Keona enjoyed her evening in Congo Grille and Cafe Breton, because of the decor, which, apparently, was exciting for her. She kept trying to reach the mobile in Cafe Breton. Last time she was there, she was only six months old, and she grabbed a flower from one of the vases. She also got a monkey stuffed toy from Congo Grille, and she was very pleased with it.

Weight goal!

I've been going to Fitness First Southmall for two weeks now. I've lost 5.6 pounds. Slow and steady, is what my weight management trainer tells me. I have till June 22--my LEAP deadline--to lose my first 15 pounds. Slow and steady.

My week in the Visayas

On the ferry to Dumaguete

Talk about hitting the ground running! Ever since coming home from my short adventure in Bacolod, Cebu, and (a surprise sidetrip!) Dumaguete, I've been living an active/hectic/full life towards the pursuit of my LEAP goals. It's scary and exhilarating and overwhelming all at the same time. But before that, here's what happened during my trip--or, what I've come to call ...

My Amazing Race

I left Manila via Cebu Pacific on April 30 at 8.30am.

Bacolod Leg

1. Arrived at the airport 7.30am for my 8.30am flight. Long lines. Labor day weekend. Made it. :)
2. I arrived in Bacolod 9.45am; my friends (Ana, Mich, Louie) picked me up shortly.
3. Checked-in and had lunch at the Sunburst Resort in Silay, owned by Ana's uncle.
4. Visited the almost-hundred-year-old Bernardino-Jalandoni House. It was closed but we begged the guy cleaning it to let us in.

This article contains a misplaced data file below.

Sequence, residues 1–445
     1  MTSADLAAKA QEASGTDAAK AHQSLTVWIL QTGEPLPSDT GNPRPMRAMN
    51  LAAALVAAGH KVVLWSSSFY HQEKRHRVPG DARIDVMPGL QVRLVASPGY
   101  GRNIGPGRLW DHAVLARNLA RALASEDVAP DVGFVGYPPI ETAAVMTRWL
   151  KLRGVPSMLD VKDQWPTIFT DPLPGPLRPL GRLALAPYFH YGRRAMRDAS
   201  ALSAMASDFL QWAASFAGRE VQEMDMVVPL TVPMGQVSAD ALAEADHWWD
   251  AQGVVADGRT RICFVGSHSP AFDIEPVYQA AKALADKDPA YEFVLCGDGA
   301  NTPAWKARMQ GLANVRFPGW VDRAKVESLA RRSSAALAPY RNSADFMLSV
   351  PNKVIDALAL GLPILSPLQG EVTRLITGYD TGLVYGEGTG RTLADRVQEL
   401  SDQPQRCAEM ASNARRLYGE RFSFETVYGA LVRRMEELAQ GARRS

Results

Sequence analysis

5. Rode bus to Victorias Milling Company to see the church with the The Church of Saint Joseph, The Worker (otherwise known as the Church of the Angry Christ). The mural's really beautiful, and Jesus doesn't look angry, just stern.
6. Had dinner with Ana's dad, uncle and aunt. Had chicken inasal, as planned, and Silay's famous and super-delicious lumpia ubod, buko pie, and an amazingly easy-to-make and delicious fruit punch.
7. Swam in the resort pool.
8. Slept way past midnight. (Snored.)

Day 2

1. Had breakfast with Mich, Ana, and Louie.
2. Left for the airport the next day for my 9am Cebu-bound flight.
3. Bought piyaya outside the airport--for Jonathan, who was already waiting for me in Cebu with Heizel.

Cebu Leg

Day 1

1. Arrived past 11am. My flight had been delayed. (I saw Christian "Suportahan Taka" Vasquez in the Bacolod airport!)
2. Arrive at the Jasmine Pension house around 11.30am, only to be whisked away to the cheaper pension house next door, Verbena Pension House, by Heizel, who was wearing skimpy shorts and sporting a tan from her trip to Bohol. Hehe.
3. Had lunch with Jonathan, whom I hadn't seen since December last year, and Heizel at the Verbena canteen.
4. Went to the Lapu-Lapu Shrine in Mactan Island, the Basilica Minore del Sto. Niño, Magellan's Cross, that short stretch of road with cheap but pretty borloloys, and the Cebu Cathedral, where Nathalie met up with us!
5. Took a taxi to the CNT Lechon restaurant in Guadalupe--only to find out that there was no more lechon. :(
6. Ate at AA Barbeque instead. :D
7. Had a few beers and sang videoke (for the first time!) at the place across our pension house.
8. Slept early. (Snored in a duet with Heizel, according to Jonathan!)

Day 2

1. Woke up with lechon in mind.
2. Had breakfast in Verbena. Checked out, but left our stuff.
3. Original plan was to go to the beach, but Heizel and I had some work to do, so we hung out for a while in my favorite internet cafe in Cebu, the name of which I can't recall.
4. Went to Ayala Mall (of all places, haha)
5. Ate at the Food Choices branch of CNT! Finally, we got our lechon. :)